What is the course about?
This is an exciting opportunity to fit creative writing into your hectic week. Running as an informal rolling programme, you can come for just one term or stay throughout the year, knowing that for a precious hour you’ll be thrown ideas that will take your writing in new directions.
The Tutor: Tasha Kavanagh has an MA in Creative Writing from UEA where she studied under Malcolm Bradbury and Rose Tremain. She has worked as a film editor on features including 'Twelve Monkeys', 'Seven Years in Tibet' and 'The Talented Mr Ripley' and has had 10 children's books published. Her debut novel 'Things We Have in Common' was published by Canongate in 2015 to critical acclaim and was shortlisted for major prizes including the Costa 1st Novel and Desmond Elliott Prize. She is currently writing her second novel.
City Lit reserves the right to change course tutors from those advertised in this outline. In line with our refund policy we are unable to grant a refund on the grounds of a change of tutor.
What will we cover?
We will be experimenting with poetry and prose, working with dialogue and descriptive language, finding sources of inspiration in unexpected places and playing with imagery and figures of speech.
What will I achieve?
By the end of this course you should be able to...
- Appreciate how to get new ideas for writing from a wide variety of sources
- Seek out new sources of inspiration
- Have the confidence to push your own writing boundaries
- Enjoy sharing work with other students
- Understand how literary techniques can be applied to your own work.
What level is the course and do I need any particular skills?
This is for writers of every level of experience. While it is designed to appeal to those who want to practise writing in the same way as musicians practise the scales, it is also suitable for complete beginners wanting to discover the writer within.
How will I be taught, and will there be any work outside the class?
You will be introduced to new ideas through discussion, confidence-building class exercises and by looking at the work of established writers. Optional homework assignments will be set regularly. However, you will still get a lot out of this course even if other commitments mean that this hour-long session is the only time you can devote to writing.
All writing courses at City Lit will involve an element of workshop. This means that students will produce work which will be discussed in an open and constructive environment with the tutor and other students. The college operates a policy of constructive criticism, and all feedback on another student’s work by the tutor and other students should be delivered in that spirit.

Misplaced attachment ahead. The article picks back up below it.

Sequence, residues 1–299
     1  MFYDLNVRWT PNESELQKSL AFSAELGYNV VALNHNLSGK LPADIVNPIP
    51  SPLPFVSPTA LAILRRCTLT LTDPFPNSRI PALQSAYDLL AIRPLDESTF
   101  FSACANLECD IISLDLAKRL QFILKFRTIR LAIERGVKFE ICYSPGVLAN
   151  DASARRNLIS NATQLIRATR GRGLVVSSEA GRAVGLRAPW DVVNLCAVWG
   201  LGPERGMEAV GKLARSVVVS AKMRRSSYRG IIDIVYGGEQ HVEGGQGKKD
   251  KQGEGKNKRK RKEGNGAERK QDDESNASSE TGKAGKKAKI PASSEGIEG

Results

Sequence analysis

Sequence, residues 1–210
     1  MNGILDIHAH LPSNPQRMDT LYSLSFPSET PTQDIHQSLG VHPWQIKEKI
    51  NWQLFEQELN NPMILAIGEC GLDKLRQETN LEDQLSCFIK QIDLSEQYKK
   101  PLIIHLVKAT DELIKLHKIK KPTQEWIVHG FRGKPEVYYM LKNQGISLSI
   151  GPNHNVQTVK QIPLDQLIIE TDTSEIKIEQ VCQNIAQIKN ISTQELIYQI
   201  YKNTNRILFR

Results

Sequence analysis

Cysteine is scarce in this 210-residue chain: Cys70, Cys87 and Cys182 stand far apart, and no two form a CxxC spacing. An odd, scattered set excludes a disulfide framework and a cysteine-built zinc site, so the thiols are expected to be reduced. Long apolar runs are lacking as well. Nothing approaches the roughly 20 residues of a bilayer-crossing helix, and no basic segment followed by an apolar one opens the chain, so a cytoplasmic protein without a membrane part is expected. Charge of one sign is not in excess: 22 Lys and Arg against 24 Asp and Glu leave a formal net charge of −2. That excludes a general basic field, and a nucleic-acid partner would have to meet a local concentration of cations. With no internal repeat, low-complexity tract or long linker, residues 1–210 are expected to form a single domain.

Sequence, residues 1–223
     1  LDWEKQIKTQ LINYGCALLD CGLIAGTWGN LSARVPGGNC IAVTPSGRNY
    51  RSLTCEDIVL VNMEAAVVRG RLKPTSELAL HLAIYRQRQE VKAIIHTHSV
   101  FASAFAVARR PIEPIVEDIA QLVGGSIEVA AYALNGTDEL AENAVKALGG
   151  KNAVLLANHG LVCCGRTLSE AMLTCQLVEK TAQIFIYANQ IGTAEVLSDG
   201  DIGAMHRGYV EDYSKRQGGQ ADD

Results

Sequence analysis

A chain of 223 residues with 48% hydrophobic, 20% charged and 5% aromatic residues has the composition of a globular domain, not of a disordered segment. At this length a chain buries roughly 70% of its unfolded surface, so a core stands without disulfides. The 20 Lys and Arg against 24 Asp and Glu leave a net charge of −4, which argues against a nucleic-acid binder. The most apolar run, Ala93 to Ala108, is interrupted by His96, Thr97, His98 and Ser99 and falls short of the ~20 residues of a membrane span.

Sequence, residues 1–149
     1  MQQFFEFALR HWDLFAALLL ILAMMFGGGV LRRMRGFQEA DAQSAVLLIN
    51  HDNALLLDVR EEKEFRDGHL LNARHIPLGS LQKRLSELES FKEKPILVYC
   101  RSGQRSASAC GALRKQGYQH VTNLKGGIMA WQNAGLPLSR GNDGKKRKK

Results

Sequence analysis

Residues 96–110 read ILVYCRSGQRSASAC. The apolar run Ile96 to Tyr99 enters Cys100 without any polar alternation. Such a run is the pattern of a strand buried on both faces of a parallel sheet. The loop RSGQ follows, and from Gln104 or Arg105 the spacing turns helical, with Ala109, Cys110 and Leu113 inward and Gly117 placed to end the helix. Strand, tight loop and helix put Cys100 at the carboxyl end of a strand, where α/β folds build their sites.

For classes longer than one day regular reading and writing exercises will be set for completion at home to set deadlines.
Are there any other costs? Is there anything I need to bring?
Writing is cheap: all you really need is a notebook and pen. Please feel free to bring a laptop if you need one.
When I've finished, what course can I do next?
This is a rolling programme and, if you enjoyed the course, you can continue to attend it in future terms. Alternatively, City Lit offers a huge range of creative writing courses covering all genres and levels of ability. Pick up our prospectus or browse our website for courses on poetry, novel writing, playwriting, screenwriting and more.
All students are invited to join us at City Lit Talks Back, our monthly performance night for City Lit writers. Everyone is welcome, admission is free and there's no need to book in advance. Students are also encouraged to submit to Between the Lines, our annual anthology of creative writing. For the latest news, courses and events, stay in touch with the Department on Facebook and Twitter.
General information and advice on courses at City Lit is available from the Student Centre and Library on Monday to Friday from 12:00 – 19:00.
See the course guide for term dates and further details